Here are some images from the day I spent shooting interiors of my room in Reykjavik (see post from one month ago today). I remember feeling a calm descend as I focused and worked, holed up in my tiny space. I am thinking now about some of the questions I was asking myself then. I consider the last month since then.
I look at these images and I can remember that near-cozy feeling, of reality suspended, even for a moment...
I am here alone in my kitchen now, a month later. A cool sunny Saturday in September, with my coffee and toast. I am trying to paint a cozy picture for myself - it sounds nice, doesn't it? In reality, I am trying hard to breathe, trying hard to be, trying hard to focus, trying to hard to find my voice under a crushing and endlessly perplexing, unexpected grief. I stretch my hand out through a fog and reach nothing. There is literally no making sense of any of it. And so I need to pull back into myself.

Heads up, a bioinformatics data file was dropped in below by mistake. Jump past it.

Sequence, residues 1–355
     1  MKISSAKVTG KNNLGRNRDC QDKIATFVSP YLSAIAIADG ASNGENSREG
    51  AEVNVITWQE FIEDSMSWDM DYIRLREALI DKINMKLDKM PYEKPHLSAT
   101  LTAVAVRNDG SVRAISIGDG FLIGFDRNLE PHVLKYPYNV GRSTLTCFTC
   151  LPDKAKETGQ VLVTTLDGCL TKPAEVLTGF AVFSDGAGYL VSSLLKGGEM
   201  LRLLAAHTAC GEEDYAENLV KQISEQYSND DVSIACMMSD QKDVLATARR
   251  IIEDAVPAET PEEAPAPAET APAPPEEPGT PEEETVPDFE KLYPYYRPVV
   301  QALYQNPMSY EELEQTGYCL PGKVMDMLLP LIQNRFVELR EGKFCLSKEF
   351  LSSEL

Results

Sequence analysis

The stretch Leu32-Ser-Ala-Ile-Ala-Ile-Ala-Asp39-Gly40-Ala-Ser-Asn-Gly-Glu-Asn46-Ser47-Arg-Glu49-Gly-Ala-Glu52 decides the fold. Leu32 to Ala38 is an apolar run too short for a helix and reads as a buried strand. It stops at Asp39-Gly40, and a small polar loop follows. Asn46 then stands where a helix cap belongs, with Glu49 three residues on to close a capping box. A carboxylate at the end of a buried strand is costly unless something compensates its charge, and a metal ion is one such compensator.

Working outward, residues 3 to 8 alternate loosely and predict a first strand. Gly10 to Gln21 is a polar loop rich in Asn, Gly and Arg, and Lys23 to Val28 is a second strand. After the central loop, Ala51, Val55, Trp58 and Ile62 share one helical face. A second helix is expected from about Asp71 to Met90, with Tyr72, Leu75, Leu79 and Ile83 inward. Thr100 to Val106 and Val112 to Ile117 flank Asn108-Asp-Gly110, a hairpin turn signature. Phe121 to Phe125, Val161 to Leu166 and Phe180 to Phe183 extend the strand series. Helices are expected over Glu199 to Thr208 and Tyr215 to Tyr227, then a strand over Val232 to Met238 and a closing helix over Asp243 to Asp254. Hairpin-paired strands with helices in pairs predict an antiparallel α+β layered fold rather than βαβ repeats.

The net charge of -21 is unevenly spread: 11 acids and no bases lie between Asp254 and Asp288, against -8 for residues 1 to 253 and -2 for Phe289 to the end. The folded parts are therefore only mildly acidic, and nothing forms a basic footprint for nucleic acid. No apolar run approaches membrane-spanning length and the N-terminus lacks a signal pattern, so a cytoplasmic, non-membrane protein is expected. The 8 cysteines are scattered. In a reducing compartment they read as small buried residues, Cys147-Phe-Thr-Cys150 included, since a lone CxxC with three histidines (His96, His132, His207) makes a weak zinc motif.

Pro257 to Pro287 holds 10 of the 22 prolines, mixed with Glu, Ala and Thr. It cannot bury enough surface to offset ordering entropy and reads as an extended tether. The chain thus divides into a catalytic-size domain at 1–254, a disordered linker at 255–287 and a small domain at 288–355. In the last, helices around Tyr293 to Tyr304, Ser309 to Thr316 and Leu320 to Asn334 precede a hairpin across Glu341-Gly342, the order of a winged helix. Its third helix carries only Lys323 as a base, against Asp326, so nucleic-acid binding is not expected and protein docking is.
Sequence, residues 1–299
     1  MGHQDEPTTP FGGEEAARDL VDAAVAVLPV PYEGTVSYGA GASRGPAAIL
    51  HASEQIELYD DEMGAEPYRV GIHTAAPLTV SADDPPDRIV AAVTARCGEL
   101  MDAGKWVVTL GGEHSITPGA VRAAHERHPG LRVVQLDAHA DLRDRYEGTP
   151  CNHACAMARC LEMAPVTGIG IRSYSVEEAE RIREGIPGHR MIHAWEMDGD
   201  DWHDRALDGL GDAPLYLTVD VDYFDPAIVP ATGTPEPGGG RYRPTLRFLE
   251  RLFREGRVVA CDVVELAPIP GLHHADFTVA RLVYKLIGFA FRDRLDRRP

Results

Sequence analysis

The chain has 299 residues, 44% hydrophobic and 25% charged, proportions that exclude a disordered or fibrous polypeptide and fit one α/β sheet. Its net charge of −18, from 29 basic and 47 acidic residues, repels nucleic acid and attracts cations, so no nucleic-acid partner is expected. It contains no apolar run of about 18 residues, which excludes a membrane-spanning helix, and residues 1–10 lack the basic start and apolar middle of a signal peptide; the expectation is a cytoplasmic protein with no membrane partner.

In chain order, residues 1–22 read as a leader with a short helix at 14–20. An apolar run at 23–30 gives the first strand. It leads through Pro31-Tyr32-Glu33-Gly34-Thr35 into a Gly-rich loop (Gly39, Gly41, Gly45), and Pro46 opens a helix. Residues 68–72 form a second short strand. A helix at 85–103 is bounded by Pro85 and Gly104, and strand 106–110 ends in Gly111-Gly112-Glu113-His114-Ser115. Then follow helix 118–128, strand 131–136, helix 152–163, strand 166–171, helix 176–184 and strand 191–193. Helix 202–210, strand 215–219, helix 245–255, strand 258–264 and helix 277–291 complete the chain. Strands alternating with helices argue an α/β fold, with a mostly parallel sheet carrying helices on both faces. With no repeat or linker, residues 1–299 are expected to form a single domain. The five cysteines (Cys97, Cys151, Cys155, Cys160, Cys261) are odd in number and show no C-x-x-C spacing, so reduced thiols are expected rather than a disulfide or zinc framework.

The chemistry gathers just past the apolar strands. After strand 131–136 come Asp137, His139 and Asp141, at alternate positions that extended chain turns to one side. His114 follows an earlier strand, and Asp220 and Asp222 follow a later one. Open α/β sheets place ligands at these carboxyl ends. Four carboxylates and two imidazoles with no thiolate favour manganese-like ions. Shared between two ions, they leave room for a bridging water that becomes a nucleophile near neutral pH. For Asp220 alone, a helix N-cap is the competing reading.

As I write this, and consider this moment, I feel a simultaneous tiny release of pressure followed by the self-consciousness of overexposure. Ah well.
I had a great phone meeting with my advisor Jan Avgikos last Sunday. She looked through my recent work, and I expressed this concern about being too self-revelatory, too overtly emotional in the work. She quelled those fears and encouraged me to just make the images and to see what came of it. To not hold back in this moment.
I'm currently reading The Poetics of Space by Gaston Bachelard, and I'll leave you with this passage:
"We live fixations, fixations of happiness. We comfort ourselves by reliving memories of protection. Something closed must retain our memories, while leaving them their original value as images. Memories of the outside world will never have the same tonality as those of the home and, by recalling these memories, we add to our store of dreams; we are never real historians, but always near poets, and our emotion is perhaps nothing but an expression of a poetry that was lost."